Thank you to those who read that and felt something ;). I know poetry can be ambiguous. Anyhow, after breakfast, those who didn’t complete their deep dive yesterday got to get in the water and complete it! Afterward, there was one last trip to snorkel through the bat caves that are near the cove. One of the most amazing things I have ever done. It is more like a water slide than a cave… Many amazing creatures and super amazing rocks (because I love rocks). After snorkeling, we began our departure process. This included lifting the stern anchor, which was lifted over the cap rail on the very back of the boat by a small team of individuals who I think possess superhuman strength. After getting the anchor up, we were off and on our way back to Young Island, where we had to pick up our brand new Mainsail!!!!!!! (New sails are a big deal as Argo hasn’t gotten new sails since 2014!!!). After using the fish halyard, a winch, and many hands, we were able to lift the massive sail on board, and then we began the motor to Bequia! A little hour-long passage across to Bequia, we arrived and proceeded to undergo the most challenging anchor process I have taken part in… The anchor was dragging, and the claw wasn’t holding (I know those seem like terms thrown around in the past century). But basically, it took us an hour and thirty minutes to get anchored. Then came the part of our day and possibly the trip that the whole crew had been waiting for! SNACK RUN! We somewhat slowly and non hastily gathered on the dock in the center of Bequia. (After lots of dingy shuttling from Argo), and made our way to one of the local supermarkets. It was very interesting to see everyone so surprised to be on land. Bequia is a very cool little town with lots of personality. We met a man named Ali at a fruit stand who let us try some unique fruit. His nickname is ‘Sunshine,’ and I could clearly see why. A very bright human. Micro-interactions are one of my favorite parts of travel, and those little ones like with Ali at the fruit stand will stay with me forever. We made it to the supermarkets and were able to satiate all of our snacking needs… We shall see how long those snacks last on board. We at least shot some money into the local economy of Bequia!!!! haha… After we made it back to Argo, we had some delicious soup (Made by the wonderful Una). And the last squad of peeps gets to partake in a night dive!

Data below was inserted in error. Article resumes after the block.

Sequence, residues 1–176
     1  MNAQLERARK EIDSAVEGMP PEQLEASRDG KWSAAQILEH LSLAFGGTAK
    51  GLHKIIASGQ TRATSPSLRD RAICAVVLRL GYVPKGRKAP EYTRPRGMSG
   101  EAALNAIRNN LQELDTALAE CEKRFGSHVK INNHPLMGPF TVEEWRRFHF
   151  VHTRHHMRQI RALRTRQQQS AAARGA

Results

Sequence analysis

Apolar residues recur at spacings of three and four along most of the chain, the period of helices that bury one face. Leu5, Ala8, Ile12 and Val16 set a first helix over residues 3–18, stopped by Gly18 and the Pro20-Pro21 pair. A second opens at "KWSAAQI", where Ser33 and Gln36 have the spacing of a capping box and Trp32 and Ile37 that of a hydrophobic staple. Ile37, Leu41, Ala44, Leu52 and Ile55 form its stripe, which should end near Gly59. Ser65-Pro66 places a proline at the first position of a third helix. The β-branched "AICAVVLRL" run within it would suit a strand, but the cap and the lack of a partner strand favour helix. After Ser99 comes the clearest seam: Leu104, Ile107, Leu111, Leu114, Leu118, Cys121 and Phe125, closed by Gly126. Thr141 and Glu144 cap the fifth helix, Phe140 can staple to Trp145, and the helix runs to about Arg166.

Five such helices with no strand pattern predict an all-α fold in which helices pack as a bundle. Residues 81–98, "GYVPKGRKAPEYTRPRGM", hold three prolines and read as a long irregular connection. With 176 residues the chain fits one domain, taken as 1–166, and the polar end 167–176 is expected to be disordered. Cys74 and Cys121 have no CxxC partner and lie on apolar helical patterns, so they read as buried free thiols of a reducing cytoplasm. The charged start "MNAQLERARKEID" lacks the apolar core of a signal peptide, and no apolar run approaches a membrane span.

All of us here on Argo are sending our love and light to our families and friends back home! (Love you, Faja, Mom, Kieran, Gogo, Charlie + many more)

And to any of those family members or friends of the other amazing humans on this boat, I just want you to know how swell of a group this is. I genuinely admire every person onboard Argo.
We’re all sending you sunshine and smiles 🙂

To the many adventures to come and places to see.

1. Petite Bayout
2. Argo anchored in Bequia; pictured from Megatron Dingy
3. Breakfast Rainbow!
4. Sunset from dock in Bequia
5. Group awaiting dingy shuttle back to Argo
6. Una, Riley, and Nick insanely prepared for the snack run
7. Selfie time (for you mom)
8. During the passage from Young Island to Bequia
9. Passage to Bequia
10. The peeps awaiting snack run on dock in Bequia
11. View of St. Vincent
12. Morning dish pit (with beach at Petite Bayout in background)
13. Morning Panorama at Petite Bayout!
14. Morning rainbow panorama!